After the war, women left their wartime factory jobs and returned to the role of homemaker. Families thrived in the suburbs with station wagons, picture windows, backyard, casseroles and Emily Post. Donna Reed was the perfect picture of the happy housewife dressed in the standard daytime shirtwaist with full circle skirt, and belted waist.
A fancy apron was added to wear at home in the kitchen. Of course, she never left the house without the short white gloves, flowered hat perched on the back of the head and suitable handbag.
Taffeta strapless ball gowns, many in black, with full skirts and wide-collared evening coats, extravagant cocktail dresses in lush colors, fabrics and accessories, were worn for evening wear, along with elbow length gloves and coordinating hats. Mink stoles, cashmere sweaters with fur collars, and jeweled embroidery were the coordinating features.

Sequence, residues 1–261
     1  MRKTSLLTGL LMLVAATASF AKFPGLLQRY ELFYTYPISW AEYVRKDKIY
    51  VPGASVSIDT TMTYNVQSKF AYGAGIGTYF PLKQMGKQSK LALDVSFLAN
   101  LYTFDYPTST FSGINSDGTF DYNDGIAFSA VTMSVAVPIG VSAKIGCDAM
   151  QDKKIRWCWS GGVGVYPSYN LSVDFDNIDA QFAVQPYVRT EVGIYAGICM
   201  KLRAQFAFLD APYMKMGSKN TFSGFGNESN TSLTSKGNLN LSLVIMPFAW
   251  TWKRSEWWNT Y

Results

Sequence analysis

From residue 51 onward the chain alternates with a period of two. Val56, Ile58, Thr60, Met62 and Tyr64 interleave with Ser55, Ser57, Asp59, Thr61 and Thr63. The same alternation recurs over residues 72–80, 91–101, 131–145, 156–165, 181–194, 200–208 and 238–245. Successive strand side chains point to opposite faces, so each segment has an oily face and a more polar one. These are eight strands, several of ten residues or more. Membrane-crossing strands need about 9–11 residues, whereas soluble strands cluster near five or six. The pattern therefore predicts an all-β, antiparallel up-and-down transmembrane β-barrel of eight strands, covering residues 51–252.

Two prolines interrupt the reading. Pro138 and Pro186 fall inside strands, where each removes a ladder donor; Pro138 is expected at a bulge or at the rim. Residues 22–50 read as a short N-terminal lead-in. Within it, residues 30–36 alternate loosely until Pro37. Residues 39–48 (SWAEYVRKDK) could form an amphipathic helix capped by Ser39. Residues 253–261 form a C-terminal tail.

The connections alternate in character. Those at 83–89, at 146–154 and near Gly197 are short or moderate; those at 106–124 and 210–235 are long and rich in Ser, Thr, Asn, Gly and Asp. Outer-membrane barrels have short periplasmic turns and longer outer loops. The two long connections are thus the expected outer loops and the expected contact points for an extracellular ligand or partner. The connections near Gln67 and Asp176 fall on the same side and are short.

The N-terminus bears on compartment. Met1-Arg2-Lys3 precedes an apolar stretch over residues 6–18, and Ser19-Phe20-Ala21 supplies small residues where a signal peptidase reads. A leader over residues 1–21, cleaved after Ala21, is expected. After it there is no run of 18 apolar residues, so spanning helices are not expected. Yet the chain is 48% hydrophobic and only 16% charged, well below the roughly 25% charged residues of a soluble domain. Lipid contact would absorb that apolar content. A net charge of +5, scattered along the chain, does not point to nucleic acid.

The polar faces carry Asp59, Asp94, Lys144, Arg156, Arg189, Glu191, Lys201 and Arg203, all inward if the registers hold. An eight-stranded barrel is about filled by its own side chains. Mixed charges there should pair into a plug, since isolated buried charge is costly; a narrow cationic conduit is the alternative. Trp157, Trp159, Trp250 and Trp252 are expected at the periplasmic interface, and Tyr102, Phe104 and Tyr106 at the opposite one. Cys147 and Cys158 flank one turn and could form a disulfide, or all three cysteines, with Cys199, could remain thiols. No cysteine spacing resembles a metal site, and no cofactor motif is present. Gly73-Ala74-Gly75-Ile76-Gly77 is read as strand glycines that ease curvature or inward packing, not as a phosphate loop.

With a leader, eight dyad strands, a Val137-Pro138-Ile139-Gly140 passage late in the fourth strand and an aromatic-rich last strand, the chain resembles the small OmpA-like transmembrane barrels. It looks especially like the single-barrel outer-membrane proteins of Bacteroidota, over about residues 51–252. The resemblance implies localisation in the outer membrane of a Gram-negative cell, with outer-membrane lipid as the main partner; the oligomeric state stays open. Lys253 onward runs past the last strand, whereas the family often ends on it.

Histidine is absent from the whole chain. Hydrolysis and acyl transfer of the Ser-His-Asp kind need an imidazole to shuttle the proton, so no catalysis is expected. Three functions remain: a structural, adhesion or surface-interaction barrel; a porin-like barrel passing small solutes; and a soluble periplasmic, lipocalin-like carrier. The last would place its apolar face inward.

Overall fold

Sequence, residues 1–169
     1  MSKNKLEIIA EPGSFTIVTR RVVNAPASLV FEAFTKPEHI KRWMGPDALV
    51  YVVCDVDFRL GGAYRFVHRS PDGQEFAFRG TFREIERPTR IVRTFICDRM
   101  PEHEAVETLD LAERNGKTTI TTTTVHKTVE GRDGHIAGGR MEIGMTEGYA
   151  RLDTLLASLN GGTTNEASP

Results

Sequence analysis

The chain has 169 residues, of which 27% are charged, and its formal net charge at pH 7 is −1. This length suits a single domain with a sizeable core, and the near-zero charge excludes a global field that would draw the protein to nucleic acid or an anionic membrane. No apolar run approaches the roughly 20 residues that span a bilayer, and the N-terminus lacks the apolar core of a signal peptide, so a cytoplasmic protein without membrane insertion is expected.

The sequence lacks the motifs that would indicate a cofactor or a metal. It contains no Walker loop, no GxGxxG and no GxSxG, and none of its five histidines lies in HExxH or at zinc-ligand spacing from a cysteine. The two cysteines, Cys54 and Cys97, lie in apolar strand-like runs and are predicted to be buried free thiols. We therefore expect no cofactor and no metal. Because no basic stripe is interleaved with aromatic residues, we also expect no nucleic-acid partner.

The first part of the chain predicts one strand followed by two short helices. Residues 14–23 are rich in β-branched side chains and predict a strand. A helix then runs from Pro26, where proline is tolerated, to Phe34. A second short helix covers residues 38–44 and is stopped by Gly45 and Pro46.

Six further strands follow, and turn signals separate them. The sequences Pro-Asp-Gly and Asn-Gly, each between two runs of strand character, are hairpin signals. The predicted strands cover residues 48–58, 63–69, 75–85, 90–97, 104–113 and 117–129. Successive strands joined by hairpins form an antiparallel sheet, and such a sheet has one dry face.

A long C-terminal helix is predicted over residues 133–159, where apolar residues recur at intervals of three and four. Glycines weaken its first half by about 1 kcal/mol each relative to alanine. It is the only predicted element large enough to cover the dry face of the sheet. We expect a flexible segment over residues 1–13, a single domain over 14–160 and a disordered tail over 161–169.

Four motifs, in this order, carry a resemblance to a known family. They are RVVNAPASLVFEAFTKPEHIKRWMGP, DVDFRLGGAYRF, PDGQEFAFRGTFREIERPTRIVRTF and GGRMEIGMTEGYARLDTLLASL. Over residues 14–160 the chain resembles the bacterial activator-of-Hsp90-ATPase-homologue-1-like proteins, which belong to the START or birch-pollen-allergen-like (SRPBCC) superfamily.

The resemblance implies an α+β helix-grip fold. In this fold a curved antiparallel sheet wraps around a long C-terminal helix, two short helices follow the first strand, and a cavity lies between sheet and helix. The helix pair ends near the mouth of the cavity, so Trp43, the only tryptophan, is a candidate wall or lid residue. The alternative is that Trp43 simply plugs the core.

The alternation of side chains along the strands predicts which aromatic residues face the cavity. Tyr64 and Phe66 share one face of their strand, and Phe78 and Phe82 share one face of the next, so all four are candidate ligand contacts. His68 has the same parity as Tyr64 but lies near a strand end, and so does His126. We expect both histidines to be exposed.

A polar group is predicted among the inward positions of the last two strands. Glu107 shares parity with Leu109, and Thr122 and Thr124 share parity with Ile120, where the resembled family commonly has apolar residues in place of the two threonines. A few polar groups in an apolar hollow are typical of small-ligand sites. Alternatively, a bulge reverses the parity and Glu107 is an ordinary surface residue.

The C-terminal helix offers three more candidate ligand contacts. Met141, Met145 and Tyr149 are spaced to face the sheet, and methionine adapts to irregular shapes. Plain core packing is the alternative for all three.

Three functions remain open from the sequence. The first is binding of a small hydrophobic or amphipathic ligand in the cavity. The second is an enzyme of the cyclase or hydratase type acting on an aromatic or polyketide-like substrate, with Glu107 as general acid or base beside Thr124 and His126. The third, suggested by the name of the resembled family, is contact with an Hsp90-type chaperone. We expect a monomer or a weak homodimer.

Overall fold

Chanel returned to designing with her signature cardigan suit and low sling-back shoes. Skirts were mid-calf and pleated at the waist to give fullness. Pucci designed silk scarves, dresses, blouses and stretch bathing suits in bold patterns of purple, pink and crimson.
Poodles were top dog, and appeared on skirts and jewelry. Costume pearls were worn as every day jewelry. Rhinestone-studded sun glasses were the crowning touch to any outfit.
Toreador or Capri pans worn with appliquéd sweaters and ballet slippers were the mainstay of the casual outfit. Circle skirts were made in felt with appliqués of everything from poodles to plants and lobsters.